The increased use of external consultants by the labour government is costing the taxpayer nearly £2bn a year and is failing to ensure value for money, according to the public accounts committee. In a report published on Tuesday, the PAC estimates that in the past three years, spending on consultants in the public sector has risen by a third from £2.1bn in 2003-04 to £2.8bn in 2005-06, with central government accounting for £1.8bn, largely to increases in the NHS.
Central government has made “some progress” in implementing previous recommendations made by the National Audit Office, the report says. These include increased use of framework agreements to cut the costs of buying in consultancy as well as involving qualified procurement staff.
However, the report states that “much more can be done” to improve value for money and identifies several areas where departments across government require “significant improvement”.
These areas include controls on awarding contracts by single tender, planning for and carrying out the transfer of skills from consultants to internal staff and better assessment of whether internal resources could be used instead of consultants.
The PAC praises the Ministry of Defence for using consultants to add “real value” to a government department and helping it make improvements it would not have otherwise achieved.
However, the report notes that departments across Whitehall and the Office of Government Commerce (OGC) do not routinely know how much money is spent on consultants.
The PAC says departments should have comprehensive data to help assess whether benefits obtained are justified by the costs and to judge if the best prices are secured when a consultant has considerable ongoing business.
It also calls for improved sharing across Whitehall and with the OGC on the performance of consultants to minimise the risk of departments being overcharged.
In a veiled challenge to Gordon Brown’s incoming premiership, Edward Leigh, the PAC’s Conservative chairman, said government needed to adopt a “much more intelligent approach” to the use of external consultants and become commercially “much sharper”.
“It is impossible to believe that the public is receiving anything like full value for money from this expenditure. In fact a good proportion of it looks like sheer profligacy,” Mr Leigh said.
Alan Downey, chief operating officer for KPMG Risk Advisory Services, which provides consultancy services to the public and private sector, said that although government expenditure on consultancy had increased over the last three years, more recently it had been declining.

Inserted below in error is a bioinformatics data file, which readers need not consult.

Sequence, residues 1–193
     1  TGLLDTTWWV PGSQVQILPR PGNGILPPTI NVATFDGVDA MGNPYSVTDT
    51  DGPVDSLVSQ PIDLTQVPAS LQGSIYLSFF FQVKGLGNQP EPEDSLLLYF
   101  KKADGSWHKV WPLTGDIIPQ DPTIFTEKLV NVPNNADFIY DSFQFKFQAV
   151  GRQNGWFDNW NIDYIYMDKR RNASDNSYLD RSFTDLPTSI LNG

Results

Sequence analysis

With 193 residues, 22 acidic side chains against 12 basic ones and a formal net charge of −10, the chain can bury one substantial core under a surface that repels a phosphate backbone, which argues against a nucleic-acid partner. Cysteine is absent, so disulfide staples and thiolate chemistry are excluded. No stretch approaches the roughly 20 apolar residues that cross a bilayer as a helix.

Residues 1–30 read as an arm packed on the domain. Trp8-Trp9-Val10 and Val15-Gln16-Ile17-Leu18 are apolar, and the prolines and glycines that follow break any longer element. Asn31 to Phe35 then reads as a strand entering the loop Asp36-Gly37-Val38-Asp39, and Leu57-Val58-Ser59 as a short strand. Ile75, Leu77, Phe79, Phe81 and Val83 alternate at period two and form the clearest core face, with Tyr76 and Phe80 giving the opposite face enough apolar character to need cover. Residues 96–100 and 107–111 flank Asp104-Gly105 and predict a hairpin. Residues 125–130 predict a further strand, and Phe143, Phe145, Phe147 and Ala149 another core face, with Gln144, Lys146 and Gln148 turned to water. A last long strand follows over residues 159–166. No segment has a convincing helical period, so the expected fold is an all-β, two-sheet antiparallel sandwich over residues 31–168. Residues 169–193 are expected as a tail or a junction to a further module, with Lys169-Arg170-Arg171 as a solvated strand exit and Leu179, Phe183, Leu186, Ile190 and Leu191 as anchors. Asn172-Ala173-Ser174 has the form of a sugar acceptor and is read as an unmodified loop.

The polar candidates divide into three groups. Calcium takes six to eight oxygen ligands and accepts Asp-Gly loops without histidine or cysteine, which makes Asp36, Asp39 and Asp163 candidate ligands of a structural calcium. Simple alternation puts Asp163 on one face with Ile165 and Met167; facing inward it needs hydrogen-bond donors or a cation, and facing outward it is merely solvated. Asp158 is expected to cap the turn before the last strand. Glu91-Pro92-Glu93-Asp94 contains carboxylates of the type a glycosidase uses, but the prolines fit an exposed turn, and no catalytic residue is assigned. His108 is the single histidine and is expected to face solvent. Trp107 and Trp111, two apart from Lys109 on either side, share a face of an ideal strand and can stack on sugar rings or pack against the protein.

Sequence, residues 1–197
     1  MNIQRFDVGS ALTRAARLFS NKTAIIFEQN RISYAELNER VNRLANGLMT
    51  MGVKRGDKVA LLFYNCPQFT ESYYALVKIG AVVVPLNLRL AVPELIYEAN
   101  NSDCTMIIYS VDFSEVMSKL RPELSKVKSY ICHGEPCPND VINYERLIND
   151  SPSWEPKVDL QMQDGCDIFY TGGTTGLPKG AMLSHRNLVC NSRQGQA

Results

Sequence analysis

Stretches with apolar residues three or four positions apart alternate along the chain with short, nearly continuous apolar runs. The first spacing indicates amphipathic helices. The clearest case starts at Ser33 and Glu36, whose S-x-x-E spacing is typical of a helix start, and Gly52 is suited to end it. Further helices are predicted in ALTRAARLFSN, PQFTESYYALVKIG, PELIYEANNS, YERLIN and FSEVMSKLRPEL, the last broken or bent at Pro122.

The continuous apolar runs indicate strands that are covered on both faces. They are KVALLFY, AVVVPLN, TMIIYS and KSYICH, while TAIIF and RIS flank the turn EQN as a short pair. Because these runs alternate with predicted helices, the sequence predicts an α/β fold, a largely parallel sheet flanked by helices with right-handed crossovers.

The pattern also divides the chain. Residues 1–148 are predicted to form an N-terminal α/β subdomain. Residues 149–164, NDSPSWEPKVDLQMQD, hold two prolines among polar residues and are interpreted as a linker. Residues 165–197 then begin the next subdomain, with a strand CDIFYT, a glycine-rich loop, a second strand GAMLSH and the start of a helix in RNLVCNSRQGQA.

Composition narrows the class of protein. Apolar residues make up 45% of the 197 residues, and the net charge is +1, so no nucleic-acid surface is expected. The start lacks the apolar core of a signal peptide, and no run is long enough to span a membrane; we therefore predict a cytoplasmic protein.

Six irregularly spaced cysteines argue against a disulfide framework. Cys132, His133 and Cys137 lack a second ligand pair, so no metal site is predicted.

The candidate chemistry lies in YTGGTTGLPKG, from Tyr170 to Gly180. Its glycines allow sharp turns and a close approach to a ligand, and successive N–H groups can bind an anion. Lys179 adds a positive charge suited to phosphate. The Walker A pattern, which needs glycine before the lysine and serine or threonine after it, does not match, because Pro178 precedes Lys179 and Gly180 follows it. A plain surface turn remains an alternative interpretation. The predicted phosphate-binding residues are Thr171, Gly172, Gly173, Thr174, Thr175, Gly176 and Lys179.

Health Direct has long deplored labour’s waste of voter money- on Sept 12, 06 we posted:
NHS external manager bill soars to over £172m this year.
The NHS in England is set to spend £172m this year on external management consultants – a rise of 83% in two years – the Conservatives have claimed. The Tories warn spending on managers is detracting from clinical services.
Welwyn Hatfield MP Grant Shapps used the Freedom of Information Act to obtain figures from 76% of NHS trusts. The data shows a link between trusts with the biggest debts and most job cuts, the Tories said.
But the Department of Health said the figure should be seen in the context of the annual £70bn NHS budget. NHS trusts are able to employ external consultants for advice on how to run their services and staff.
The government has also enlisted companies like KPMG and Price Waterhouse Coopers to act as “turnaround teams” for some failing trusts.
In their report, the Tories said trusts’ spending on management consultants was increasing, and that the use of consultants was a “reliable yardstick” for job losses and debts. The report added that a total of £93.8 million was spent in 2004/05 on external consultants, rising to £117.9 million in 2005/06.
The projected spend for 2006/07 is £171.6 million.
The figures were calculated using the data returned from trusts, and projections for the remainder.
Mr Shapps said several trusts refused to respond to his request, adding they had an even worse track record than some in the report.
He added: “I think it’s extremely dubious as to how much effect these consultants are having, other than sacking lots of staff. The government needed to look at whether taxpayers were getting value for money when jobs and services were being cut and wards closed.”
The report said 10 of the worst trusts had millions of Pounds of debt, yet had a projected spend each of between £1.9 million and £3.6 million on consultants for 2006/07.
Dr Paul Miller, chairman of the British Medical Association’s (BMA) consultants’ committee, said he would not be surprised if trusts’ total spend was even higher.
He added: “The NHS is wasting hundreds of millions of pounds on management consultants who don’t have the answers. I would like the secretary of state to stop the NHS wasting all this money on management consultants – it takes money away from patient care.”
Dr Miller, who has an MBA, continued: “The NHS needs good management and good managers but that involves people who know the trust, the staff, the locality and the services it provides – not just people parachuted in from outside with no health experience.”
Health Direct agreed with Dr Paul Miller, chairman of the British Medical Association’s (BMA) consultants’ committee, when he said that he would not be surprised if trusts’ total spend was even higher.
On Tue 8 Aug 06 Health Direct noted in Public sector consultants to cost £20bn under Labour’s stewardship that the bill for management consultancy within government is set to top £20bn over the lifetime of three parliaments, according to a former consultant who has carried out an extensive survey of public spending on external advice- David Craig, formerly of Capgemini, the consulting company.